It was another wacky week in our favourite dystopia with some walking, some dancing and a whole lot of shouting. Tara Ward recaps the latest episode of The Handmaid’s Tale.
Let’s not beat around the dystopian bush, because this was an unusual episode. It was made up of a weird mish-mash of events, like June taking Mrs Lawrence for a walk in the snow, the Waterfords doing a sexy tango (WTAF) and a Martha being hanged for helping June. Nobody seemed to have a much of a clue about anything, apart from Aunt Lydia, who loves a good hanging as much as June loves a stony-faced glare to camera.
We’re treading water, and every week I hope this will be the episode when June hoons by on a jetski to getski us out of this nightmare. Alas, we’re at the same place we were three episodes ago. June’s revolution is no closer, and I’m worried that sooner or later we’re all going ditch poor, defeated June for a Love Island marathon, where the sun always shines and your biggest worry is how high up your buttcrack your g-string swimming togs will reach.
But hey ho, back to the public hangings. June’s been to four in one week, which means Gilead is getting worse and June’s getting more desperate. When she spies the McKenzie’s Martha at the supermarket, June is quick to squeeze out some details from her about Hannah’s school. Is this the information that will tip the scales? Is June about to bust her daughter out of hell?
Of course not. Hannah’s school is covered in Guardians, and June has a greater chance of doing rarkeys with Aunt Lydia’s mobility scooter than she does finding Hannah. June’s new BFF Mrs Lawrence manages to blag her way into the school, and a shunned June is left to clamber around the school perimeter (where there are no guards, sort it out Gilead) until she passes out from the desperate sound of her nails screeching down the brick walls.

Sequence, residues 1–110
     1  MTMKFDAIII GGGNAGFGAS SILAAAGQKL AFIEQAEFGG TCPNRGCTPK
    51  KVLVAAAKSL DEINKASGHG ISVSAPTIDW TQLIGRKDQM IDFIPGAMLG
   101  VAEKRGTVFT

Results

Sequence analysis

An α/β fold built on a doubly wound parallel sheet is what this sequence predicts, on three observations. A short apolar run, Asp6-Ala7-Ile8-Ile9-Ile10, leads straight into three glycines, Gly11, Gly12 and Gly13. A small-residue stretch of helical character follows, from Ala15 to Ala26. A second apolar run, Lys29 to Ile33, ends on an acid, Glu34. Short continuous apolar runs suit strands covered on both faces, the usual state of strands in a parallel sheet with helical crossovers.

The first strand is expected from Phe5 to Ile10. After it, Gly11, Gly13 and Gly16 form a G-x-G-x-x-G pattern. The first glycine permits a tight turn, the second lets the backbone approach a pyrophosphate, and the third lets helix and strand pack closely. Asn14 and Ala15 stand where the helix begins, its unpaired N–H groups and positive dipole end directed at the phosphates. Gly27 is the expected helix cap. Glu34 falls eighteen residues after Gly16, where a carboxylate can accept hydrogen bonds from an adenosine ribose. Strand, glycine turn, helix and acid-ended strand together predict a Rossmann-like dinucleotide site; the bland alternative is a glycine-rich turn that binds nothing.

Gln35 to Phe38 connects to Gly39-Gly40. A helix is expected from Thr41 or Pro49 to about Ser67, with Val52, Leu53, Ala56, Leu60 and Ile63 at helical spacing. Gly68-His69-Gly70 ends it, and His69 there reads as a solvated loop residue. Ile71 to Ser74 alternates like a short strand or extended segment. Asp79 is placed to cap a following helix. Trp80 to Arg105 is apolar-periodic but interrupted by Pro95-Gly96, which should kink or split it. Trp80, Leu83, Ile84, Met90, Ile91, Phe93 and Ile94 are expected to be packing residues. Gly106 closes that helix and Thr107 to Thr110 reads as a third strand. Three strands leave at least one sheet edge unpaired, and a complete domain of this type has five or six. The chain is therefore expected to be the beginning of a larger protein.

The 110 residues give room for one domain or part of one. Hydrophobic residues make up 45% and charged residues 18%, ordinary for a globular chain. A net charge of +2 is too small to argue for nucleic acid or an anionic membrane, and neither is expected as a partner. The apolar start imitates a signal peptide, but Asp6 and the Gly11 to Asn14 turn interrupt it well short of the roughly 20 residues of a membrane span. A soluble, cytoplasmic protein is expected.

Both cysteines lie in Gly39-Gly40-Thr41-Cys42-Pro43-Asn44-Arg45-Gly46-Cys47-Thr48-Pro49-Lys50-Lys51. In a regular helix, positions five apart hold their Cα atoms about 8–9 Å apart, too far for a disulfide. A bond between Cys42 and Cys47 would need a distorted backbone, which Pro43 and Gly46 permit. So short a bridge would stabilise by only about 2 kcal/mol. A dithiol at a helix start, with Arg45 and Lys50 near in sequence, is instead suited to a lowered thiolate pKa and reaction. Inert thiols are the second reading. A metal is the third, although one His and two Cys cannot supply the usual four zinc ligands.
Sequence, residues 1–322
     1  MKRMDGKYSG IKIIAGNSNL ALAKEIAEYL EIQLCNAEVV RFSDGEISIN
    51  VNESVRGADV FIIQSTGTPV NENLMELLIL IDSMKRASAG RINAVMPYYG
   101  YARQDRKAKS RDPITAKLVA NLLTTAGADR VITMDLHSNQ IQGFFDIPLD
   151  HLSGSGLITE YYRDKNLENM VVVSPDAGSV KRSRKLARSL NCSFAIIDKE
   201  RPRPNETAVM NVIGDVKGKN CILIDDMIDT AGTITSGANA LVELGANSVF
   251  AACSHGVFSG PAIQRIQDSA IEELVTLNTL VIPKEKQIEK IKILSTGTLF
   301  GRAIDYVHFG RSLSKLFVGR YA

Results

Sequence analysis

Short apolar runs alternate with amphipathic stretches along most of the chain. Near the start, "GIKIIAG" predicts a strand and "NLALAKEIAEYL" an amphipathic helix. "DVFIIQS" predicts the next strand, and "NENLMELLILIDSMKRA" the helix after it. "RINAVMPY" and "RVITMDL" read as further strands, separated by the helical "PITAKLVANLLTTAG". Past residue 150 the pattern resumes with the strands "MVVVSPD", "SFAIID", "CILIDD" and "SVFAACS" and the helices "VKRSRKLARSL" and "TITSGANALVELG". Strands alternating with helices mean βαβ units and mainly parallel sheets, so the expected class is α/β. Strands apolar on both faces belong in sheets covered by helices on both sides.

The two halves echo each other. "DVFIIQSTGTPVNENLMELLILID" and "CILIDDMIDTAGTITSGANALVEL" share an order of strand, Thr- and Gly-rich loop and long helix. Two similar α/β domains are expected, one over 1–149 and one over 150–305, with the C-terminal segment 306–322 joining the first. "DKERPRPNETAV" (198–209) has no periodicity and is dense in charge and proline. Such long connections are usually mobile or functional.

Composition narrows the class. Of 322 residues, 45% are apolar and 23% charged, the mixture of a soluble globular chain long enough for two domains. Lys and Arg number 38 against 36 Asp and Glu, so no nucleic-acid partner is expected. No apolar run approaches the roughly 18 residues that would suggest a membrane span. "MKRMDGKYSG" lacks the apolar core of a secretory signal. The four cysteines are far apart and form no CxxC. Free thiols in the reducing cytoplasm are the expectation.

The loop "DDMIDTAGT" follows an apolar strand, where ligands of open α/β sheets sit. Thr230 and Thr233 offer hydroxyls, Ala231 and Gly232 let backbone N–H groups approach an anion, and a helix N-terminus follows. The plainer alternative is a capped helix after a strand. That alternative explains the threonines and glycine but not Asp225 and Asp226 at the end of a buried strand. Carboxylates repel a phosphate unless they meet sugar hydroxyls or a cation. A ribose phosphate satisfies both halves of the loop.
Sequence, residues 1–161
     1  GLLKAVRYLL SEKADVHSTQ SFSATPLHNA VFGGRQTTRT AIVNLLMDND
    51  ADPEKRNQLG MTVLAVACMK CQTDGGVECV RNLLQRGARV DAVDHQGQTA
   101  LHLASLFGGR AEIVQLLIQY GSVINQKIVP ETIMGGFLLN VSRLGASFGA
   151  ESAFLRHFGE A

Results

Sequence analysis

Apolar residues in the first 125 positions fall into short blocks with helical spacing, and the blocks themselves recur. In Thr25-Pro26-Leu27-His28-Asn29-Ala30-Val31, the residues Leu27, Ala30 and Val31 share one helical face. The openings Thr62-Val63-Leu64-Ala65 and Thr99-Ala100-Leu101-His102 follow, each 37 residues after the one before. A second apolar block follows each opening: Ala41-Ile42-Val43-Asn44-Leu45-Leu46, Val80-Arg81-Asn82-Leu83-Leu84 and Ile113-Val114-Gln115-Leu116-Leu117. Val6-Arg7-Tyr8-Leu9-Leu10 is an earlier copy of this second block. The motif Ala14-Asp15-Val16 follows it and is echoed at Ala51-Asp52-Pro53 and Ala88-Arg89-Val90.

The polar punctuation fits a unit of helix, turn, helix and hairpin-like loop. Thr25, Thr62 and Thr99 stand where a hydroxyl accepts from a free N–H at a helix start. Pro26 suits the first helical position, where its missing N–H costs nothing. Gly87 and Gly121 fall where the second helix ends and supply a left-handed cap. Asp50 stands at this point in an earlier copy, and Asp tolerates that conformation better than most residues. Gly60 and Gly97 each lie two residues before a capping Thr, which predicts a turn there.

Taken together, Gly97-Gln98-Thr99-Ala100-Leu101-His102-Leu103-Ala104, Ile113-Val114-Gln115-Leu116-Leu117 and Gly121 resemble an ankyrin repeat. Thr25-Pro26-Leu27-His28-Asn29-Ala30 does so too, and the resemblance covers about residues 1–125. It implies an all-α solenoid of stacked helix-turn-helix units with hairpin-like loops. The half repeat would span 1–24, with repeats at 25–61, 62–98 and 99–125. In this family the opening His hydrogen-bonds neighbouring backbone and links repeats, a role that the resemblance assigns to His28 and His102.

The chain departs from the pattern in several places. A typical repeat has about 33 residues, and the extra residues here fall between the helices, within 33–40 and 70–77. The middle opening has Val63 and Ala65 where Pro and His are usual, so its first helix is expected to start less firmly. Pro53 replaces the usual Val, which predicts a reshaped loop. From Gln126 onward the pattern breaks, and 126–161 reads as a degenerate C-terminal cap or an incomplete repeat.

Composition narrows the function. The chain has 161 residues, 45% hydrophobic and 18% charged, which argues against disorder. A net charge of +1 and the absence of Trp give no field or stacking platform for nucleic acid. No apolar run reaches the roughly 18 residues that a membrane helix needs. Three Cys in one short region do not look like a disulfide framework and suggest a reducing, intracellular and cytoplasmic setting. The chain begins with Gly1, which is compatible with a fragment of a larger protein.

Imagine if June knew how much fun the Waterfords were having in Washington DC, where their love continues to bloom like a nasty weed you just can’t kill. Serena visits a potential new home, an “unrestored” property belonging to a Baptist family who left in one heck of a hurry. Shoes wait silently at the door and family photos line the walls, but Serena’s stoked because the house has “beautiful light”. Ugh.
Fred, meanwhile, is asked by Commander Winslow to keep baby Nichole in Canada for a bit longer, because she’s proving to be excellent political leverage. Waterford doesn’t tell Serena this important detail, because it’d ruin his new image as a sensitive bloke who no longer wants to chop his wife’s fingers off. Serena laps up the new and improved Fred, to the point where they see each other across a crowded room and dance a tango together. Yes, really.
to our journalism!Find Out More
Dancing to a different tune are Emily and Moira, who are arrested during a protest over the Canadian government’s discussions with Gilead. “Canada needs to grow a pair,” Moira tells Emily, as they bond over their shared trauma. Emily is interrogated by the Swiss, because Gilead have accused her of a heap of crimes and if this means we’re about to see Emily extradited back to Gilead as a criminal I will lose more than my Love Island swimming tog g-string, let me tell you.
We end as we began, with the handmaids doing the dirty work at another public hanging. “Why the long faces, girls?” Aunt Lydia asks, who always knows how to lighten the mood. This time the victim is Hannah’s Martha, who is killed for conspiring against the child she was supposed to protect. June discovers her pious walking partner Ofmatthew dobbed the Martha in to Aunt Lydia, after she saw her speak with June in the supermarket.
The McKenzies have disappeared with Hannah and June is completely up shit creek without a dystopian paddle. June had a terrible week, but like they say on Love Island, it is what it is, so let’s crack on.
Join The Spinoff Members for as little as $1 to help us hire more journalists and do more investigations. Or get a free Toby Morris-designed tea towel when you contribute $80 or more over a year.
The Spinoff Weekly compiles the best stories of the week – an essential guide to modern life in New Zealand, emailed out on Monday evenings.